I take a very graphic approach to pottery while still paying homage to the depth of surface found on hi-fired stoneware. The pieces are designed to be used as flower containers, tea cups, or elegant presentations for food or drink. Though I do occasionally wander into the area of ceramic sculpture, I never stray very far from some form of functionality. Like many potters of my generation, I have been heavily influenced by the great pottery of Japan. However, one of the benefits of growing up in the multi-cultural milieu of America is that I have always felt free to pick and choose the most interesting aspects of many cultures, and to re-interpret the essence of those cultures in interesting ways. I value simplicity of form, while superimposing onto the surface a complex iconography made up of fragments of my past. I have always been interested in repeating patterns associated with meditation, the music of Henryk Gorecki, or the quantum wave patterns associated with my former days as a Physicist. I suspect that these interests are the origin of (some would say obsession with) the stripes. However I have a need to balance the inorganic nature of the hard edge stripes with oriental flower patterns. The crazy quilt approach seems to work as a fitting metaphor for my life and work.
The pieces are created using a variety of methods. Some are thrown on the wheel, some are hand built using molds taken from thrown forms, some extruded and some built by coiling. The surface decoration consists of clay slips and underglazes, crayons, pencils and stamps to augment the stripes. The entire piece is covered in an iron saturated glaze, fired to Cone 5 and allowed to cool slowly. There is no lead or other toxic chemicals used in any of my glazes. The clay is vitreous and will absolutely hold water without any leakage or sweating.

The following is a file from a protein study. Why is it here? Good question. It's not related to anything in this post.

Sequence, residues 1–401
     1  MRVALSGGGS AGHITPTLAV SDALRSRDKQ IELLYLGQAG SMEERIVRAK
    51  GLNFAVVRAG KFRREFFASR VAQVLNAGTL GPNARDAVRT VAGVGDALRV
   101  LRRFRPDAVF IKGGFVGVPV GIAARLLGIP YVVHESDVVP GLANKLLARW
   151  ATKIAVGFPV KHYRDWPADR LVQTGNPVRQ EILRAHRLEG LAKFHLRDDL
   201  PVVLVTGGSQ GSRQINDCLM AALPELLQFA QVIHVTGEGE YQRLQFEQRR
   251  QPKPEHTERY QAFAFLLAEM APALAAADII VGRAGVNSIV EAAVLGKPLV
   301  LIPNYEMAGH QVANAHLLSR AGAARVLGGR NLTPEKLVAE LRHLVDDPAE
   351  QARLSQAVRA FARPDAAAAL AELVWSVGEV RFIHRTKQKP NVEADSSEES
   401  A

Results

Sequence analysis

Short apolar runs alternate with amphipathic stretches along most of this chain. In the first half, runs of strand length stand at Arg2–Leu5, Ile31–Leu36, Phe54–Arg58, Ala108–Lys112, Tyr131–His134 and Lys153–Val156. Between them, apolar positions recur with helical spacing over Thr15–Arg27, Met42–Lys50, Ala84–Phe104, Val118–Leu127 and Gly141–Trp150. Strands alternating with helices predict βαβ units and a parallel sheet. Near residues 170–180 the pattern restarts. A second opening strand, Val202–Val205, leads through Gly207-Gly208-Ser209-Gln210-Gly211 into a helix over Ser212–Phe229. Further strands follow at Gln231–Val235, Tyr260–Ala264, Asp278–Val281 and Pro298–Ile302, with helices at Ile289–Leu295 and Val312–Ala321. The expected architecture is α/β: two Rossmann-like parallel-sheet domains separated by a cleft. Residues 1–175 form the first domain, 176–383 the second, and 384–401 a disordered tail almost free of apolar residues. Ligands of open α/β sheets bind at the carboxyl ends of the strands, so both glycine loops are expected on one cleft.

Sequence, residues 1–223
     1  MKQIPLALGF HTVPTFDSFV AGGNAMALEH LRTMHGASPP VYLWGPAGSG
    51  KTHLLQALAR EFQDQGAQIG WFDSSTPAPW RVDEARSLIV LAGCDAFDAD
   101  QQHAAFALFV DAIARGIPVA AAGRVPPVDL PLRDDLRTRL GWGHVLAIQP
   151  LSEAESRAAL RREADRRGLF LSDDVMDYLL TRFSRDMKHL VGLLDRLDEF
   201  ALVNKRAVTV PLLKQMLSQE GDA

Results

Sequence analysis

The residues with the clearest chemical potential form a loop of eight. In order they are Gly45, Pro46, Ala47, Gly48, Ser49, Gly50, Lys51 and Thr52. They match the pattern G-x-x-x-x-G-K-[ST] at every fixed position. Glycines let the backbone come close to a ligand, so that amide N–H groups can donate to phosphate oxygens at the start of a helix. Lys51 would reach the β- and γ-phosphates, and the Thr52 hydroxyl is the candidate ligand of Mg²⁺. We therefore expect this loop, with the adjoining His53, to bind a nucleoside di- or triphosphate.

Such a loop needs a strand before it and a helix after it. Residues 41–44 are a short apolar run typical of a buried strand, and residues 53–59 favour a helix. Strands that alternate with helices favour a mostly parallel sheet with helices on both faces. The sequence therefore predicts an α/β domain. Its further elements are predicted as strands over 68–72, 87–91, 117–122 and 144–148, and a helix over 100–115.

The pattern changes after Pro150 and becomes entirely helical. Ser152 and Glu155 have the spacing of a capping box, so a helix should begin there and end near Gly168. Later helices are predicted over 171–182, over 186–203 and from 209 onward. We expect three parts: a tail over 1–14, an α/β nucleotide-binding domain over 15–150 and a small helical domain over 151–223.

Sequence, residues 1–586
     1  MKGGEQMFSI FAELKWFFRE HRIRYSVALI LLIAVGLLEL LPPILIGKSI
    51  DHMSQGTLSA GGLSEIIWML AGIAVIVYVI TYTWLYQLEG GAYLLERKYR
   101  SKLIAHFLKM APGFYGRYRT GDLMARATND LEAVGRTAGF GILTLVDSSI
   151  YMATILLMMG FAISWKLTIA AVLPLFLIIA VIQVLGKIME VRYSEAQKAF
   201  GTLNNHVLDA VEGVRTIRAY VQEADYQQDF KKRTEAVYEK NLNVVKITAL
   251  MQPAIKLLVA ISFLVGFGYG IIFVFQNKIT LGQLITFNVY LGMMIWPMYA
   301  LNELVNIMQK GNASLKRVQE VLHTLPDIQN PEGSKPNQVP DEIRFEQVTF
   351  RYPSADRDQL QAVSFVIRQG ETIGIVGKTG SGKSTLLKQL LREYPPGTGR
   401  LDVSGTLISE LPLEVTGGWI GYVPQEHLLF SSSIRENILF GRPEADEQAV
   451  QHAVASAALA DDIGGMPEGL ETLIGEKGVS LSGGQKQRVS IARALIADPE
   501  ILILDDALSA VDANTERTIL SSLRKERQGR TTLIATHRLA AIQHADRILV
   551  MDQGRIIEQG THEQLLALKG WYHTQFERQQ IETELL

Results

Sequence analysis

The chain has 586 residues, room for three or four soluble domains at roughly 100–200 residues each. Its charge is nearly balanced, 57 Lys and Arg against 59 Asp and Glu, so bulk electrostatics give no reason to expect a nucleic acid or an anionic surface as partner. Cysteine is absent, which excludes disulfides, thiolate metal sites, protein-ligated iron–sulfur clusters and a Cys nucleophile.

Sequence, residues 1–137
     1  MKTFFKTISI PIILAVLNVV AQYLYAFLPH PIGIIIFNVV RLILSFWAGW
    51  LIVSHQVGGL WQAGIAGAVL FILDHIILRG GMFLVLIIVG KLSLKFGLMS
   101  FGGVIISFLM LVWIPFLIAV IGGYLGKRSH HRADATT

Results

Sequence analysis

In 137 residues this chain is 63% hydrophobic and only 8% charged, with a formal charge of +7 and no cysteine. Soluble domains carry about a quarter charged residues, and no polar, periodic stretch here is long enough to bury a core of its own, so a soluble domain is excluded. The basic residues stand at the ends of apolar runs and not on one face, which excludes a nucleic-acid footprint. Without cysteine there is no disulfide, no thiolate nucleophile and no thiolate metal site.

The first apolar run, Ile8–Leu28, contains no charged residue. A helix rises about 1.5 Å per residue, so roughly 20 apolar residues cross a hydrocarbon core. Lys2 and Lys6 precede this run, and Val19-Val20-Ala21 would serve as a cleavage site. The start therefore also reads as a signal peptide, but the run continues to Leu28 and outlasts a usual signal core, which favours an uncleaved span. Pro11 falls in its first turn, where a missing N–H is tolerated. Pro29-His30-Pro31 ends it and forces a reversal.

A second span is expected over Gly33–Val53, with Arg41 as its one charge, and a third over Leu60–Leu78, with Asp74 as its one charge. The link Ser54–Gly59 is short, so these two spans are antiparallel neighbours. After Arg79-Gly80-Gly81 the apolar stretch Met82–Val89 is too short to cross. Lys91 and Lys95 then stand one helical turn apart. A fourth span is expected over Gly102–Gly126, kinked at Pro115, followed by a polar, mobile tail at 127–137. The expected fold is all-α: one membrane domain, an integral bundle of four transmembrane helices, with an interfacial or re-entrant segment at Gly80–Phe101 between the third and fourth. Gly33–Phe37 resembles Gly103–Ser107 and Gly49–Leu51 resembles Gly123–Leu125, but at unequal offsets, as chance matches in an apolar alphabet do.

Barry Rhodes has been a potter for almost 30 years having started as an apprentice under Rick Berman and Glenn Dair in the late 70’s at Callanwolde Fine Arts Center in Atlanta, Georgia. From there he maintained a studio in the old Nexus Arts Center in Atlanta, producing vessels shown throughout the United States. In addition to pottery, Barry has a Ph.D. in Physics from Emory University and taught at Clark Atlanta University in the Department of Physics for ten years. He recently retired fron the Centers for Disease Control and Prevention where he was a Computer Scientist in the Division of Healthcare Quality Promotion.